This is my Cabinet project, construction started on the 7th of November 2002 and is still under construction, though in a usable (often used) state.
The Original Plan was to build a Playstation cabinet, however after 3 failed attempts (burned the copper off the first, bridged a connection on the second and the 3rd mysteriously refused to work on the 6th button) we decided to switch to a Mega Drive control. Upon penning a partially working Mega Drive (known as the Genesis in America) control we were rather pleased to see huge copper connections, so I (Shaz had graphix interviews) wired the Mega Drive controller up and it worked beautifully, first time =)
Advantages of using a Sega Mega Drive:
+ Little or no loading time (just like arcade machines)
+ Lots of Arcade ports, especially side scrollers and vertical shooters such as Raiden, Truxton and Thunderforce.
+ Easier than PSX controller to wire up, due to less buttons and bigger copper connections.
+ Cheap games and Hardware (unless its super-rare, then its a small fortune!).
+ Ability to play Master System games (with the converter) which has a similarly good arcade port collection.
+ Use a Mega Drive and you have access to 3 and a half consoles:
Mega Drive, Mega CD , Master System and 32x
Disadvantages of using a Sega Mega Drive:
- Slightly Limited Color Palette
- No Longer Supported (obviously) , so Ebay is your best bet for parts and games.
- Not exactly the best sound in the world, but adequate.
- Most games are obviously 2D due to the technology (16-bit), but then some people (me included) see this as an advantage.
Compared to a PC based MAME:
+ Much cheaper to hack a control than to buy a keyboard encoder, and easier than a keyboard hack.
+ Arcade to Console ports, while not 100% accurate, generally have difficulty settings pre-programmed. Many arcade games are not tuned with unlimited quarters in mind, so its possible to stroll through some games first time around, which I personally find a little boring. Of course you can also emulate console game ports..
+ But emulation for playstation 32-bit consoles and beyond can be sketchy, and MAME cant emulate titles such as Virtua Fighter 4 and Tekken Tag.
How I built it:
I also added a spare set of computer speakers to the top which currently only connect to the playstation, however as soon as i find an ac adaptor for a Sega Mega Drive 1 (the original one) I will put that in instead of the Mega Drive 2. I kept the original case for 1 of the speakers so I could change the volume, it's now under the cabinet next to the Mega Drive2 (see first screen). There is no speaker in the case because we extended the cable to run it out the back and into the top (hence the 2 speakers).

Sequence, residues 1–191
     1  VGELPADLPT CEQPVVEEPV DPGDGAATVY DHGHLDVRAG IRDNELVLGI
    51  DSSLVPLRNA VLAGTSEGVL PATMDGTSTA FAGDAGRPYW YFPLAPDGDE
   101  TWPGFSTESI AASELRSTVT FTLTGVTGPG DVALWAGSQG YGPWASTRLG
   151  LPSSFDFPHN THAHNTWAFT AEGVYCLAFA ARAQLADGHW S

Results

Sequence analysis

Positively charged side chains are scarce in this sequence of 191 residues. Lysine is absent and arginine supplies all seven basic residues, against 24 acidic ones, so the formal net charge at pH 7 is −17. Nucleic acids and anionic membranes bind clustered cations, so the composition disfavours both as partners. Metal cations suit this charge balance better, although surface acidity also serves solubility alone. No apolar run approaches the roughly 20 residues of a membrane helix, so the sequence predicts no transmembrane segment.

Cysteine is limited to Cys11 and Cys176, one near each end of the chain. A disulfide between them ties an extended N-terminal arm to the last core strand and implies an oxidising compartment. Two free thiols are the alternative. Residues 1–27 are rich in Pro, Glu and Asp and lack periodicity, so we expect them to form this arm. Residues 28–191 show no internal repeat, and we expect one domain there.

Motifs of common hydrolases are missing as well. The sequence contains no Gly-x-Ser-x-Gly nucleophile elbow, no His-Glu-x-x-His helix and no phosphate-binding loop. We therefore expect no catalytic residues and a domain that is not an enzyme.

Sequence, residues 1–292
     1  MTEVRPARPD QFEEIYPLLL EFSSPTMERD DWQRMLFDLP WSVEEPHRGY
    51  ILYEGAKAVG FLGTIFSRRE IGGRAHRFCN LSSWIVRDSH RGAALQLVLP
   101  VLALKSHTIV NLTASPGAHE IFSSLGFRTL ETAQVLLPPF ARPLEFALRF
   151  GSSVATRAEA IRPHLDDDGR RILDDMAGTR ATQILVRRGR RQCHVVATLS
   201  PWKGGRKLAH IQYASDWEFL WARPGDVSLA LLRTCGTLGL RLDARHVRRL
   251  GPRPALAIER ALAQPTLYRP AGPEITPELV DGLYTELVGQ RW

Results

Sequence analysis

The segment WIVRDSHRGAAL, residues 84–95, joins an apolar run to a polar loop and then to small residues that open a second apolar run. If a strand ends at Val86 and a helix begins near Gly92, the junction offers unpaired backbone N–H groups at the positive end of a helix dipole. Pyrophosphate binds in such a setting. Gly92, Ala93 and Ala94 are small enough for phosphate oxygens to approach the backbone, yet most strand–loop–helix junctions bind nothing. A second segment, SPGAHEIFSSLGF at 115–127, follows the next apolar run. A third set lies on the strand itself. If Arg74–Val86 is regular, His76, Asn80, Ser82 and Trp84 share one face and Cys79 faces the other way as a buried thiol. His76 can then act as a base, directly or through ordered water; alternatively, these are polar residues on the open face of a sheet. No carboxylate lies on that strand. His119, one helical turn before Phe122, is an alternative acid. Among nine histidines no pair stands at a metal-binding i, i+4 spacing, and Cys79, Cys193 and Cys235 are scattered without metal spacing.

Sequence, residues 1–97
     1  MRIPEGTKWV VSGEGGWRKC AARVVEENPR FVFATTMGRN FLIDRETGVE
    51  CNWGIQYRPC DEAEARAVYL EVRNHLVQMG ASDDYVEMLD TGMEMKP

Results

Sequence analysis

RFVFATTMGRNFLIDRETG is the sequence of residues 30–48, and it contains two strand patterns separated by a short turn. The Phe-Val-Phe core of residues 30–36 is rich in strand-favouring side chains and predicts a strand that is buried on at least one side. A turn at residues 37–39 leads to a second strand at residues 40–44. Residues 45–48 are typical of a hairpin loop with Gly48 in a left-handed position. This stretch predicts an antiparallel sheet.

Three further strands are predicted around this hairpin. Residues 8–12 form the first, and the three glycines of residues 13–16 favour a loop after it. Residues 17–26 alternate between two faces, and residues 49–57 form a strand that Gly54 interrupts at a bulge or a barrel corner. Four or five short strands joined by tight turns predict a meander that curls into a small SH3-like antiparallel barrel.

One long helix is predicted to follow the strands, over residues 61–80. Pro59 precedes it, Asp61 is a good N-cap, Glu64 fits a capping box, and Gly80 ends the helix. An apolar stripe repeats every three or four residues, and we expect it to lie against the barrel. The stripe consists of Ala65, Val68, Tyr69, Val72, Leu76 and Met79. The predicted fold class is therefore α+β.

In the not so distant future I plan to purchase some speaker grills, a header and buttons for player 2, from a nifty little site in Australia (where I am) called highway.net.au. Or alternatively Jaycar
UPDATE: July 4, 2003: Due to my poor cold solder job, I can no longer move right using the stick. I've decided that it is heaps easier to simply build the cabinet as partially described above, then simply buy 2 Mega Drive (or your console of choice) arcade sticks. Like this one reviewed =) on 8bitjoystick.
Not too hard to find, and there are other brands of sticks (including several 6-button ones), but the Sega ones are the best.
UPDATE: JULY 25, 2003: Went to buy some speaker grills from Jaycar, but it turns out they only have white (the web site has pictures of black and white!), so I bought some speakers that come with their own little plastic box. I attached the box to the bottom of the control panel, and now the sound is great. Getting them wired up the way I want with the TV is another story however.
Update: February 17, 2004: Shaz and I added a black header board to the cabinet, and I plan on designing a marquee and printing+laminating it, and sticking that to the top. Not pretty, but better than nothing..
Update: September 2004: A while back I bought a Battlestation II arcade stick off Ebay to replace the mega drive controller wired to arcade sick/buttons that didn't last long (see July 4 update) and the SEGA arcade sticks that weren't stable enough. Picture is the bottom right one. I also have a new TV that takes AV cables and fits in perfect.
Update: March 2008: Finally made a proper control panel using 2 playstation controllers. Learned my lessons and took much more care this time around, using terminal boards, easy to hack controls and drilled holes. No expense spared and used Cut and painted a new speaker panel and top board (the 'roof').